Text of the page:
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The Singapore Law Gazette

External Counsel Guidelines – A Critical Risk and Compliance Challenge

Until recently, law firms would typically dictate the terms of business with their clients. Today, economic pressures and evolving regulatory requirements affecting corporations have put clients in the driver’s seat on the terms of engagement with a law firm.

Evolution of External Counsel Guidelines (ECGs)

ECGs started out as a simple list of client billing guidelines designed to focus on the mechanics of how invoices should be structured and submitted. They have since evolved and now span many topics. For example, they may define expectations on conflicts, confidentiality, media discussions, litigation support processes, matter staffing and records retention requirements (both paper and electronic).

Many ECGs also impose supplier/contractor ethical standards ranging from anti-bribery to diversity requirements (including compliance with international labour conventions) and the right to audit the law firm’s security program.

The Challenges with ECGs

ECGs find their way into law firms via several routes.

  • The lead partner with the primary client relationship is sent the firm’s signed engagement letter, along with the ECGs which are incorporated by reference.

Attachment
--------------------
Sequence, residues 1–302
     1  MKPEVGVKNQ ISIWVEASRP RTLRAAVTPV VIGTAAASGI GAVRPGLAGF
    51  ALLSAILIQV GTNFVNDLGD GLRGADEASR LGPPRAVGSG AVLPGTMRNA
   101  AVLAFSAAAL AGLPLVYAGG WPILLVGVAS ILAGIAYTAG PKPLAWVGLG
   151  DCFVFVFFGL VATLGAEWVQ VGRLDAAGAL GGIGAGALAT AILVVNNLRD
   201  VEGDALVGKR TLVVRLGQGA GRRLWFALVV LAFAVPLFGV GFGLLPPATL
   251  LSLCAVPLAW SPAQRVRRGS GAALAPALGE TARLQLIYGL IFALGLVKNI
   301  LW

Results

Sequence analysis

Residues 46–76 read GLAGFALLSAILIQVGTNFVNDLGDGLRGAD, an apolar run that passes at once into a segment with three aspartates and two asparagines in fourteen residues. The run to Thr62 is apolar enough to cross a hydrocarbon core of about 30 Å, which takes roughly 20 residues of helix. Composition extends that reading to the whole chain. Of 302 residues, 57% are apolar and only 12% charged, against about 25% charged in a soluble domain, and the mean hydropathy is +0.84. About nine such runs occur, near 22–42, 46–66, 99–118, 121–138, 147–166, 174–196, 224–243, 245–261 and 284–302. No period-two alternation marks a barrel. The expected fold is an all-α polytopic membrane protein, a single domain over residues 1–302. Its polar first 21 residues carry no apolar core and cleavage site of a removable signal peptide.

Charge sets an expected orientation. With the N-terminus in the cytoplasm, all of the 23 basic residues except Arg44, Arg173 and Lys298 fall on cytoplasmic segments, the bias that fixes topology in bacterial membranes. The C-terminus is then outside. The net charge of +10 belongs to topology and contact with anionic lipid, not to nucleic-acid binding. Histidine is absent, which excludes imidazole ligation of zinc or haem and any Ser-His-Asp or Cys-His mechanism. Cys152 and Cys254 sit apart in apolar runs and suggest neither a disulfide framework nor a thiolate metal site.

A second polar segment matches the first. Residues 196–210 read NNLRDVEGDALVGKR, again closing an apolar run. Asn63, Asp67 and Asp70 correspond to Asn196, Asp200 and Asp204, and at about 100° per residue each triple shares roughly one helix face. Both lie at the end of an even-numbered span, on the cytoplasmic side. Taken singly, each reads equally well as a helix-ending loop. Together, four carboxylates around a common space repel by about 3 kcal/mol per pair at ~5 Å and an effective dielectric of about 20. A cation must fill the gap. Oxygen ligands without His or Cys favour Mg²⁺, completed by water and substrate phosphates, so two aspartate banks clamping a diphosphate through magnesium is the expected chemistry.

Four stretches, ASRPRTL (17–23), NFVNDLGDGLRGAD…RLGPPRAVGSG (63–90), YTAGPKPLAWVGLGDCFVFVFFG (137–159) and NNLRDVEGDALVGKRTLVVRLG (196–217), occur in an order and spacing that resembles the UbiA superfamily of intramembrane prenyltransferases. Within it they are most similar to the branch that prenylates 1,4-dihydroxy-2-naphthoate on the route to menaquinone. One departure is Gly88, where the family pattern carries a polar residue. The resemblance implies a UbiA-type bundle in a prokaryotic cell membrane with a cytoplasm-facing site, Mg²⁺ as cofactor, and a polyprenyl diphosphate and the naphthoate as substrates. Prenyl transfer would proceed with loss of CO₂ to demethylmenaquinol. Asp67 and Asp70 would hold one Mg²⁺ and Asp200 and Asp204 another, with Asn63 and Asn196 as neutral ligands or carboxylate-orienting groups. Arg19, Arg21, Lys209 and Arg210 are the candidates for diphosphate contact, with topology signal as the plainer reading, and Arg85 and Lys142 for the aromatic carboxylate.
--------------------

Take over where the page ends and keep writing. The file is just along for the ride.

• The marketing department receives the ECGs as part of new business pitches or requests for proposal (RFPs).
  • ECGs may also find their way into a firm through the billing/finance departments via the e-billing system itself.
  • Sometimes, ECGS come into firms through lateral hires who may have client engagements that are brought into the new firm.

ECGs often contain non-standard engagement terms or guidelines that bind the firm. A clear process on how to identify ECGs and non-standard engagement terms and, more importantly, how to escalate them to the proper individuals in the firm is important. It is critical for lawyers to be aware that any document received with, or in response to, an engagement letter should be carefully reviewed and escalated for review and approval. Similarly, administrative departments should be trained to follow any escalation processes which the firm has established when they receive any document directly from the client.

Common “Problematic” ECGs

Each ECG has its own specific conditions and understanding, and assessing the many obligations presents a challenge for law firms. Certain ECGs’ provisions can be unduly restrictive and some of these obligations can result in conflicts and even the loss of client business.

While each ECG is different, there are consistent themes throughout. These include:

1. Billing Requirements

Billing requirements increase costs for law firms. In addition to a lengthy list of what clients will not pay for and complex e-billing task codes, some clients push the cost of their e-billing systems back onto the law firms by taking a percentage off the bill.

A growing number of clients are also setting requirements on when bills must be submitted. For instance, bills that are submitted late (e.g., 90 days or more) can sometimes be rejected completely.